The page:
I need help

when i am pitching alone i throw hard and accurate
but during practice and games my mechanics are not the same as when i pitch at home
and i throw a lot slower with no accuracy
any ideas on how to fix the problem

Here are a few of thoughts:

  1. It is very difficult, perhaps impossible, to be truly objective about the pitching you do by yourself. Things may be as you say but, honestly, you should also consider the possibility that you are kidding yourself along to some extent.

  2. Baseball is not a game you can play by yourself. You can practice by yourself to some extent but ultimately it’s what you do in full view of other knowledgeable people that means something in baseball. Practicing by yourself should never get in the way of practicing with other players–you will learn far more from interacting with your peers than you can learn on your own. Not least, this includes: How to manage your performance anxiety when lots of eyes are focused on you.

  3. Consider finding ways of changing the balance of your lone practices toward more team practices (or practice more with your dad, or a coach, or a friend).

Let me tell you about something I did when I was a little snip—twelve years old or so. I would find a catcher, and we would mark off a home plate and a pitcher’s mound at the distance of 60’6", and we would play a little game we called “ball and strike”. This was more than just a drill; it was a marvelous way to sharpen up my control, and it was a lot of fun besides. The catcher would position his mitt high, low, inside, outside, whatever, and what I had to do was get that ball smack-dab into the pocket of the mitt. We would go at it for an hour, maybe more, and I would work at it with the pitches I had at my disposal. I wasn’t fast, not by any stretch of the imagination, so I had to go to breaking stuff early on, and I was a natural sidearmer who, even though I wasn’t fast, could throw hard and use the slide-step which tended to add some speed to my delivery. Even after I acquired some more stuff I continued to do this.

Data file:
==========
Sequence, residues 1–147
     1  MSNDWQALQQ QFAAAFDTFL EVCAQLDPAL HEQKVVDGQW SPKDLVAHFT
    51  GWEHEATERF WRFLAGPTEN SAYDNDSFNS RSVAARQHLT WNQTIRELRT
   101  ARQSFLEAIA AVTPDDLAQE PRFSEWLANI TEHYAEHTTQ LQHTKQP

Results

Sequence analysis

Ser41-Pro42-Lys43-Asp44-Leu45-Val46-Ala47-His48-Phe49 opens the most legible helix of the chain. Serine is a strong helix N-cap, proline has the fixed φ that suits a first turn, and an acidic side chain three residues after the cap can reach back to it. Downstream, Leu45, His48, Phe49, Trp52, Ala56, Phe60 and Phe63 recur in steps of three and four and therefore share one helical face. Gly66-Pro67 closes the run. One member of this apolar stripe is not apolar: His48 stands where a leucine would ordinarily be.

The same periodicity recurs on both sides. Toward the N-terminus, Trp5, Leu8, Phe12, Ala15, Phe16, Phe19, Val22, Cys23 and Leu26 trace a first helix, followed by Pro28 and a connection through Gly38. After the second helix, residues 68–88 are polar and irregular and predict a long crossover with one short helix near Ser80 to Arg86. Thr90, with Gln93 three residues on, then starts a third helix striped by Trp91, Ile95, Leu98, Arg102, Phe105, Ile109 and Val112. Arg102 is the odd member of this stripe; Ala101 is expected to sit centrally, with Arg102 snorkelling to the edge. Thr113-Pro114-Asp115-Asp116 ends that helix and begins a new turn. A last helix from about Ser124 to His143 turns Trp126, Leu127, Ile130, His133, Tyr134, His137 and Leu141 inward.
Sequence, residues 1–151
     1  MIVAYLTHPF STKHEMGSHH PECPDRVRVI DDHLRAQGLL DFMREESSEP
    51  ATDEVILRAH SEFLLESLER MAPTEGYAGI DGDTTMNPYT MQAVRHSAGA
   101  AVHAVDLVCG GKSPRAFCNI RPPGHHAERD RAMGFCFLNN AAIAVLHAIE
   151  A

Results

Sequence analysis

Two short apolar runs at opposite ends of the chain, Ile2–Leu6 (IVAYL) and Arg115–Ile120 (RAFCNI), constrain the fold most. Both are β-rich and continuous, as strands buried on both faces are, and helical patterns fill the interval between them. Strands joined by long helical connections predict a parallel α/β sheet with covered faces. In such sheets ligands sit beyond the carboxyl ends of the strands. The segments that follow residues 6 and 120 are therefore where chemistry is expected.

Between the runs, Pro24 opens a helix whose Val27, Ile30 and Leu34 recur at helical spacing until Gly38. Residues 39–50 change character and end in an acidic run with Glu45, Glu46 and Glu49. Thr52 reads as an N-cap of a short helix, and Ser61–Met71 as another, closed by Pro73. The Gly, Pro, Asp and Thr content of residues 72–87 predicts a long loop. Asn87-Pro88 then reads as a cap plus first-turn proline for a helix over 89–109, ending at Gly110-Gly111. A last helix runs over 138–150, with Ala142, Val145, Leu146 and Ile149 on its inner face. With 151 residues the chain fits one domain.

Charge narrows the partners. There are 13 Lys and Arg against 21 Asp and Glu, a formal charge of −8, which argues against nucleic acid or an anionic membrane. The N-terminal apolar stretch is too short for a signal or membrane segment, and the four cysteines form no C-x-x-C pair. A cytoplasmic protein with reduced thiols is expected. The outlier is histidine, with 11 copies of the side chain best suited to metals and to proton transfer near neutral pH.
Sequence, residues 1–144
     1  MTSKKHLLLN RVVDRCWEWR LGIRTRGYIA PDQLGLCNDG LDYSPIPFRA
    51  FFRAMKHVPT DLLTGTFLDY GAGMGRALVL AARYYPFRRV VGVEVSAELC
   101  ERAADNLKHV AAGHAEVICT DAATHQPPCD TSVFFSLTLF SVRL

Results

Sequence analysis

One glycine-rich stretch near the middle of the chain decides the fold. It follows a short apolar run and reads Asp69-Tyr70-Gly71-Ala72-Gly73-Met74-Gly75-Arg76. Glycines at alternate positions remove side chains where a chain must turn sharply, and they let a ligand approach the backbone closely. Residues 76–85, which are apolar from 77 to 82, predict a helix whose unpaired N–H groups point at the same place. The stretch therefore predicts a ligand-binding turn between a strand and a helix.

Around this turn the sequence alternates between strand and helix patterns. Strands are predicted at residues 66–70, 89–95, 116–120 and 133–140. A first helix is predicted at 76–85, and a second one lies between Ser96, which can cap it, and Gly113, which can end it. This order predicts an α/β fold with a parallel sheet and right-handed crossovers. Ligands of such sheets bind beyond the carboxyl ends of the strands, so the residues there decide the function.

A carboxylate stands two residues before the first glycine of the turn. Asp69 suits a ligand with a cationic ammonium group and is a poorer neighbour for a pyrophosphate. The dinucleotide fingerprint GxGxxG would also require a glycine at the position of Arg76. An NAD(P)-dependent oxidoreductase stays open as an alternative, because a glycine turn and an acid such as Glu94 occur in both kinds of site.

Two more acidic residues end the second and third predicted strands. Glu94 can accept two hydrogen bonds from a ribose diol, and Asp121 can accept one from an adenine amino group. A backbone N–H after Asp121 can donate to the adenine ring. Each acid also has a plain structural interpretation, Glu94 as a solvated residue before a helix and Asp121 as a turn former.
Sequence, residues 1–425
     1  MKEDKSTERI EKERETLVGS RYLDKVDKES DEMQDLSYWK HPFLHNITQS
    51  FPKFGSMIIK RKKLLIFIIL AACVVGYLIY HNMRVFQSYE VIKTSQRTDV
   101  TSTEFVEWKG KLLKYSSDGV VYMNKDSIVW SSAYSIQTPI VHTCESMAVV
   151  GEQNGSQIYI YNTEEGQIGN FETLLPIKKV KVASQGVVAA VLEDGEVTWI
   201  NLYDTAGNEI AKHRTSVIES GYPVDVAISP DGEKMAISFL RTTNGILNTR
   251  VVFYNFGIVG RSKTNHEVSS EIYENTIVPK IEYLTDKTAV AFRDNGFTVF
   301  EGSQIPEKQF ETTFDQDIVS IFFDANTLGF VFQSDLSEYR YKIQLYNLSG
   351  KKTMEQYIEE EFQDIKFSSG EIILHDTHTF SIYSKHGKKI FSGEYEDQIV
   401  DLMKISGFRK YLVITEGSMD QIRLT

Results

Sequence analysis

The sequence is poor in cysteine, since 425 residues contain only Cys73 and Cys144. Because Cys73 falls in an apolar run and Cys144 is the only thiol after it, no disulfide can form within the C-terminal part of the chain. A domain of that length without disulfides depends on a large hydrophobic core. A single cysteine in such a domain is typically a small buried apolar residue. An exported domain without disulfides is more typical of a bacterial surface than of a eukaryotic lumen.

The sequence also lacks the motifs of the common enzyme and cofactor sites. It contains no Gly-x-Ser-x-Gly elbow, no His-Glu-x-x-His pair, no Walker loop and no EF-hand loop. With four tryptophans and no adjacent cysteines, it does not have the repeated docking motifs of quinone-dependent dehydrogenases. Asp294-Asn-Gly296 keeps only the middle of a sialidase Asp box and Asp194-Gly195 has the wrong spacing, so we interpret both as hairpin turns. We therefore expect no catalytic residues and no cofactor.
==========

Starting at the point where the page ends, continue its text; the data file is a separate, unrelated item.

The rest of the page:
This is just one of the things you can do. Oh yeah—I forget who said this, but one pitcher observed that speed and velocity are two different things altogether. Velocity is about direction—about control. You could throw 100 miles an hour and not get anywhere near the plate, or you could throw 90 and hit your spots every time. 8) :baseballpitcher:

Nicely said zita

well, when i say alone, i mean just me and a catcher
sorry… i don mean it literally alone

“…during practice and games my mechanics are not the same as when i pitch at home and i throw a lot slower with no accuracy”

--------So, you are working with a catcher at home? Is he a teammate of yours or a family member? If your catcher is a family member who flatters you alot, that might not be completely realistic. Most dads (I’m one) cannot give their teenaged children unbiased, objective advice without it sounding like unwarranted personal criticism to the kid. Trying their best to avoid negative criticism, sometimes dads can overbalance towards flattery. (Don’t mind me if these comments are way off target, I’m just throwing spaghetti at the wall to see if any of it will stick…).

Do you and your catcher practice together on a regular mound somewhere, or are you talking about flat-ground throwing in your backyard? It’s hard to imagine that you could get higher velocity on flat-ground, but seems possible that you could be more accurate that way…

by that i mean my friend ( who is a catcher) comes over, and we warm up in my backyard.
we then go to the baseball field, n i pitch to him on a real mound
i can see the drop in velocity n accuracy
o btw i am harshly commented when i pitch, no one is soft on me

Hi loco123,

It difficult to give you specific advice on mechanics without seeing a video of your play. However, based on what you have said, two things come to mind:

  1. When you pitch in the backyard, it sounds like you are throwing on level ground compared to when you pitch in a game where you are on a mound. This slight different may be resulting in some accuracy issues as your head may be moving more while on the mound compared to at home.

  2. I wonder if you are not pushing off the rubber properly when throwing from the mound. Make sure you are driving off the rubber and carrying over your lead feet while driving the pitch to home plate.

One quick fix of this would be to practice your pitching all the time at the mound rather than in your backyard. Over time, you will develop muscle memory for throwing from the mound and rediscover your lost speed. Most people will actually end up throwing faster from a mound because of the better angle to throw from rather than on a flat surface. I think you just need to put in some more practice time and you will discover the exact problem for yourself.

Hope this helps,
Jack Elliott
Baseball Training Tips
http://www.baseballtrainingtechniques.com